Kyle Dahms/Alexandra Ducharme, National Bank Economics
Canada lost 31K jobs in July, a second consecutive monthly decline. Despite this development, Canada’s labour market is not in disarray. July’s losses were concentrated in public sector jobs. This sector indeed suffered its worst loss outside of a the pandemic since 1976 (-51K), a perplexing development considering the state of public finances at both the federal and provincial levels. Private sector employment, while also down in July, is still up 110K year-to-date with continued contribution from construction and manufacturing during the month. Despite the July decline, the unemployment rate remained unchanged at its lowest level since 1970 due to a 0.2 pp drop in the participation rate, a third decline in four months. With the unemployment rate remaining historically low, we still see resilience in the Canadian domestic economy. This robustness is also confirmed by the evolution of the wages of permanent employees, which grew 5.4% over the last twelve months, down from June’s 5.6% print but still historically high. At this juncture, the Bank of Canada is still on track to hike at its next meeting on the 7th of September with labour shortages continuing to persist according to the latest figures by the CFIB (Canadian Federation of Independent Business).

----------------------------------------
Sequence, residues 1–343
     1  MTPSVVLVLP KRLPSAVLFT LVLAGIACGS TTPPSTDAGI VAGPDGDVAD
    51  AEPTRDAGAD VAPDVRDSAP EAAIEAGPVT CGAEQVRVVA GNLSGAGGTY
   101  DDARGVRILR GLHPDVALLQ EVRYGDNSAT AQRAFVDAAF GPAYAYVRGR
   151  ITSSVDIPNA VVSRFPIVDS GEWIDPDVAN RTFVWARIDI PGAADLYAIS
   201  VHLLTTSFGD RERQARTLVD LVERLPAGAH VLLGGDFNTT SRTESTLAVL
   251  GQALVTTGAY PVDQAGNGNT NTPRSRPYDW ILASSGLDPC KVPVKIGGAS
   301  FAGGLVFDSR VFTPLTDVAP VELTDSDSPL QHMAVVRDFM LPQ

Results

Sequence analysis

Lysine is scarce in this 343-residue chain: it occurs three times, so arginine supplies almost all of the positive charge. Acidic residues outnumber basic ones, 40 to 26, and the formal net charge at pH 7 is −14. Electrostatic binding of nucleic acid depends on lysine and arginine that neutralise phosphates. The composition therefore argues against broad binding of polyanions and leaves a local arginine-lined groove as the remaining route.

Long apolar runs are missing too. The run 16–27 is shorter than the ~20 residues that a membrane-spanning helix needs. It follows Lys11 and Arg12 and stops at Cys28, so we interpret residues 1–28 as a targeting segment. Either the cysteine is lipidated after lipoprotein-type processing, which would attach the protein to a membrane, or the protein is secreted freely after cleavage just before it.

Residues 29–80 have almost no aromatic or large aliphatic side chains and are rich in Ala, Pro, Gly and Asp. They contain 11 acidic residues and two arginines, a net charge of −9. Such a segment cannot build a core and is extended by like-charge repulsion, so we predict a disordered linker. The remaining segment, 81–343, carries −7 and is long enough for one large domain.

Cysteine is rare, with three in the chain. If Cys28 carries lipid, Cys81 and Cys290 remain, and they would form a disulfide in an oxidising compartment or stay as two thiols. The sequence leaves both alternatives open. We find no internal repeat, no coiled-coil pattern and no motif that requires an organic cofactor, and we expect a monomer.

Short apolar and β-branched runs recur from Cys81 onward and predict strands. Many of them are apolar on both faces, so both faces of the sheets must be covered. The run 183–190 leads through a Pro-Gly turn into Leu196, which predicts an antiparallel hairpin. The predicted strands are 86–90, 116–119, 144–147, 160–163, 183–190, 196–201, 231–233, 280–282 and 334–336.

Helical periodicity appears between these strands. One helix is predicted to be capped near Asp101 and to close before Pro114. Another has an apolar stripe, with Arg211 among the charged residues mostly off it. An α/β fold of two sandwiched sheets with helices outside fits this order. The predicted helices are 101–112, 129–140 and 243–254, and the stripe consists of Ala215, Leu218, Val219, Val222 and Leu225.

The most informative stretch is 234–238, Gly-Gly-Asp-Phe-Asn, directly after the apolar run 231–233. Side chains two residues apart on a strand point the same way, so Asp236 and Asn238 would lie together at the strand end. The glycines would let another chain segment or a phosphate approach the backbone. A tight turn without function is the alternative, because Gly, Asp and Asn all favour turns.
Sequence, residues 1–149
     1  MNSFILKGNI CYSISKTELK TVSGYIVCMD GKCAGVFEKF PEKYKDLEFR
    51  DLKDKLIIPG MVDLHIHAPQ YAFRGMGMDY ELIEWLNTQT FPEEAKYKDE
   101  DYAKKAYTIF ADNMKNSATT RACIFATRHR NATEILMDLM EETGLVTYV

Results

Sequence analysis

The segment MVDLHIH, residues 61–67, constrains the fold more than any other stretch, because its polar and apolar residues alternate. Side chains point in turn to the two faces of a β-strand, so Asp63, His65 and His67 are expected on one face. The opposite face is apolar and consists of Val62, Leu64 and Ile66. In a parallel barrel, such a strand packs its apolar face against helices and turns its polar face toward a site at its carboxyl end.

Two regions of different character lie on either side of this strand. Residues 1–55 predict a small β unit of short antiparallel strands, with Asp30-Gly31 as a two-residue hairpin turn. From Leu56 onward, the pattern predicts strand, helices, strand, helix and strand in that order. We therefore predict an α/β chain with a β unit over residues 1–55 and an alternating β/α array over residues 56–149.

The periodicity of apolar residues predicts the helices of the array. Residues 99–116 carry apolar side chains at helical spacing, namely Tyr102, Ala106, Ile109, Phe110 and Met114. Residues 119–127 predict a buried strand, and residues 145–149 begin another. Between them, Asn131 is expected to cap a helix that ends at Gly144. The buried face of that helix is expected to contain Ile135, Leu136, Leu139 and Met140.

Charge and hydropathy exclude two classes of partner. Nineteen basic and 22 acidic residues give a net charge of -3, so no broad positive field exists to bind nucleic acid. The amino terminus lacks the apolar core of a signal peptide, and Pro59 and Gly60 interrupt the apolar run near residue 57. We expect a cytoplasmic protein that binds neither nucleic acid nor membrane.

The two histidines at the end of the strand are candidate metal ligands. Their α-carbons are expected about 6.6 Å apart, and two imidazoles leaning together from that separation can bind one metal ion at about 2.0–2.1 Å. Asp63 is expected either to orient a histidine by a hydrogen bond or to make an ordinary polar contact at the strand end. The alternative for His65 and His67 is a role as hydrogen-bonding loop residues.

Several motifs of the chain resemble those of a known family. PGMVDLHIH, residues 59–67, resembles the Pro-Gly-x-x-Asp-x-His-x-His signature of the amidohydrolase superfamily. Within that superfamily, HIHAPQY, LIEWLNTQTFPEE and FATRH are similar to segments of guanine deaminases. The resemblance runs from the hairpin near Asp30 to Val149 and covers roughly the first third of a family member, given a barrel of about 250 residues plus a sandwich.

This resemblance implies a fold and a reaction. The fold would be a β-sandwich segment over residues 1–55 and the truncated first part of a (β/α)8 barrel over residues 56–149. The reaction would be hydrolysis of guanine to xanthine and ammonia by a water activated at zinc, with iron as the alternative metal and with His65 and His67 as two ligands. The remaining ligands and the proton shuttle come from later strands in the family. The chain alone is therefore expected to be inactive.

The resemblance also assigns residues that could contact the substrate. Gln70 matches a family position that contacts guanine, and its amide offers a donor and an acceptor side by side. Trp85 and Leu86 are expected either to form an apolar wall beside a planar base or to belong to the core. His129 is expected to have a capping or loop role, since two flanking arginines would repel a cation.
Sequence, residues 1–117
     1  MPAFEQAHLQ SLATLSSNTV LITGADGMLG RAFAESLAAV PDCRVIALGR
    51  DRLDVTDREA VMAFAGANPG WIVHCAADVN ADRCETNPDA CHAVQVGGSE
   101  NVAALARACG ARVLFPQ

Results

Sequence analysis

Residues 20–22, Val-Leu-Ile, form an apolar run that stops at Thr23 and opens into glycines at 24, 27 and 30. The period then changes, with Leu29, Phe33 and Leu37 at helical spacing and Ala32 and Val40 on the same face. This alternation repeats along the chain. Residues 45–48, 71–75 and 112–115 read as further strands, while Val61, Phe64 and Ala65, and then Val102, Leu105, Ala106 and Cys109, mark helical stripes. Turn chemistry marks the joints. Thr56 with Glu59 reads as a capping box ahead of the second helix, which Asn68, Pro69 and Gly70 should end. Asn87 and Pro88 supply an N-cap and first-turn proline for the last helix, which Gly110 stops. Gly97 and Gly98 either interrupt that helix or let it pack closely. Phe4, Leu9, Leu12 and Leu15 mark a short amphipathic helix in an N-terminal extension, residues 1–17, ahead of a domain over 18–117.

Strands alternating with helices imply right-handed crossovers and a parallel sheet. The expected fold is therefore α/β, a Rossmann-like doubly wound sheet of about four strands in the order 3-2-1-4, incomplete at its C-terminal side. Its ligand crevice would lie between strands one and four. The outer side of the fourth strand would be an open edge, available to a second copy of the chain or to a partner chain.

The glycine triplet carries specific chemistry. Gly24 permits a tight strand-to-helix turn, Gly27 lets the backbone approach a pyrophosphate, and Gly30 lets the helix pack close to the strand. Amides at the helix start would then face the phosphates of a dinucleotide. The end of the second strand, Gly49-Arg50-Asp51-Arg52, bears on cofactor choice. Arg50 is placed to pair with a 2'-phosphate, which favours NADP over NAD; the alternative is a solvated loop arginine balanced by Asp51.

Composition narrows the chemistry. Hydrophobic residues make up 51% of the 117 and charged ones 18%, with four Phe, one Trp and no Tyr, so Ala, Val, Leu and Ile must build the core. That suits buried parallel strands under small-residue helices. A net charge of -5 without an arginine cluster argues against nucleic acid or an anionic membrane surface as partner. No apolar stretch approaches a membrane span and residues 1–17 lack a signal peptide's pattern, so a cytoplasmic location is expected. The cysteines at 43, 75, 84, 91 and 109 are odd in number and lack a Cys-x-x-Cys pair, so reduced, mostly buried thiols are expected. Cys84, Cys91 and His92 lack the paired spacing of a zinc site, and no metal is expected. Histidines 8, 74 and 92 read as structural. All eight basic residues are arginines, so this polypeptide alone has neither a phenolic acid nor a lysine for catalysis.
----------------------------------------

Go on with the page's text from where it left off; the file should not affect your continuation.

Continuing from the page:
Ageism: Does it Exist or Is It a Form of ‘I’m a Victim!’ Mentality? [ Part 4 ]
How you think is everything.
This is the fourth and final column of a 4-part series dealing with ageism while job hunting.
The standard advice given by “experts” to overcome ageism revolves contorting yourself to “fit in,” “be accepted,” and “be invited.” Essentially, their advice is to conceal your age and hope the employer throughout the hiring process won’t figure it out and hire you.
It takes a lot of time and energy to be accepted into places where you aren’t welcome, and it can be heartbreaking.
Finding an employer who accepts you for who you are, regardless of age, gender, race, or whatever, is the key to happy employment. There’s no better feeling than the feeling you’re welcomed. Therefore, my advice to job seekers is: Be your best self and let the chips fall where they may. Doing your best and accepting the outcome will give you a Zen-like sense of freedom.
An attempt to infer someone’s biases based on their actions is usually just an assumption based on what you want to believe. If it benefits you to think someone is practicing ageism (e.g., a convenient excuse), then you’ll believe you’re the victim of ageism.
The fact is you don’t know what the hiring manager’s behind the scene looks like. The entire company’s leadership team judges their hiring decisions. Your fit with current employees needs to be considered. Budget constraints exist. Let’s not forget the biggest hiring influencer, and their past hiring mistakes, which they don’t want to repeat.